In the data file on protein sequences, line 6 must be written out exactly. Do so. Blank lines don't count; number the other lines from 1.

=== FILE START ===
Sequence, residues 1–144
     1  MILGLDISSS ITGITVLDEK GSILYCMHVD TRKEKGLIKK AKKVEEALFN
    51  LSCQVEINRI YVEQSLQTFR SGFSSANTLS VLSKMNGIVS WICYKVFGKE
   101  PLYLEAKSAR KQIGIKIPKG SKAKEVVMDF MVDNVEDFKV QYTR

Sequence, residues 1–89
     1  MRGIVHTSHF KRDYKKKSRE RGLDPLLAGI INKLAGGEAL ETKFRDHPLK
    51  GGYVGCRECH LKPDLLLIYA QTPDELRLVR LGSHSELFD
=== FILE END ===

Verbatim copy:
     1  MRGIVHTSHF KRDYKKKSRE RGLDPLLAGI INKLAGGEAL ETKFRDHPLK